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Powerful antioxidant resveratrol prevents metabolic syndrome in lab tests: U of A study (diabetes?)
University of Alberta Faculty of Medicine & Dentistry ^ | September 2, 2011 | Unknown

Posted on 09/04/2011 5:33:09 PM PDT by decimon

(Edmonton) Researchers in the Faculty of Medicine & Dentistry at the University of Alberta have discovered that resveratrol, a powerful antioxidant found in common foods, prevents a syndrome in some offspring that could lead to later health issues such as diabetes.

Resveratrol is found in fruits, nuts and red wine, and has been shown to extend the lifespan of many species.

Human offspring that have trouble growing in the womb have an increased risk of developing metabolic problems later in life. But U of A medical researchers Jason Dyck and Sandra Davidge and their teams found that administering resveratrol to the young offspring of lab rats after weaning actually prevented the development of a metabolic syndrome, which is characterized by glucose intolerance, insulin resistance and higher deposits of abdominal fat.

Dyck and Davidge published their findings in a recent edition of the peer-reviewed journal Diabetes. Dyck is a researcher in the departments of Pediatrics and Pharmacology, while Davidge is a researcher in the departments of Obstetrics & Gynecology and Physiology. Both are also members of the Mazankowski Alberta Heart Institute, as well as the Women and Children’s Health Research Institute. Dyck and Davidge were co-senior authors of the study.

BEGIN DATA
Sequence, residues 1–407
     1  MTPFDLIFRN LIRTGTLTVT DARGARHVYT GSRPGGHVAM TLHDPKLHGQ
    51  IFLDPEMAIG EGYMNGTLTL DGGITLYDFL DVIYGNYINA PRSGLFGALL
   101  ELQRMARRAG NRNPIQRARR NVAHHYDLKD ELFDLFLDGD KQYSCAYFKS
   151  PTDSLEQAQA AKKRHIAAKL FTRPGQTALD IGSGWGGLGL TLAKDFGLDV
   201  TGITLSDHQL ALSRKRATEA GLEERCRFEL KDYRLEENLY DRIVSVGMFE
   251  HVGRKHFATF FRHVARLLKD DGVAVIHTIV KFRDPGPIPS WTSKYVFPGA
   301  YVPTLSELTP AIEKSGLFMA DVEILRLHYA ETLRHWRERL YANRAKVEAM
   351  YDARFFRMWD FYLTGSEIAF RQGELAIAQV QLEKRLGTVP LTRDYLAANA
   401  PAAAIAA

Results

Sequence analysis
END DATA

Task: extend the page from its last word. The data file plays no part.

The study took advantage of the fact that "infancy is a potential window of opportunity to intervene and prevent the future development of metabolic diseases." The researchers noted this is the first potential pharmacological treatment that may help babies that developed in a growth-restricted environment in the womb.

"There is a concept that in utero, there are genetic shifts that are occurring – reprogramming is occurring because of this strenuous environment babies are in, that allows them to recover very quickly after birth," says Dyck.

"When babies are growth-restricted, they usually have a catch-up period after they are born where they catch up to non-growth-restricted groups. It might be that reprogramming that creates this kind of 'thrifty' phenotype, where they want to consume and store and get caught up.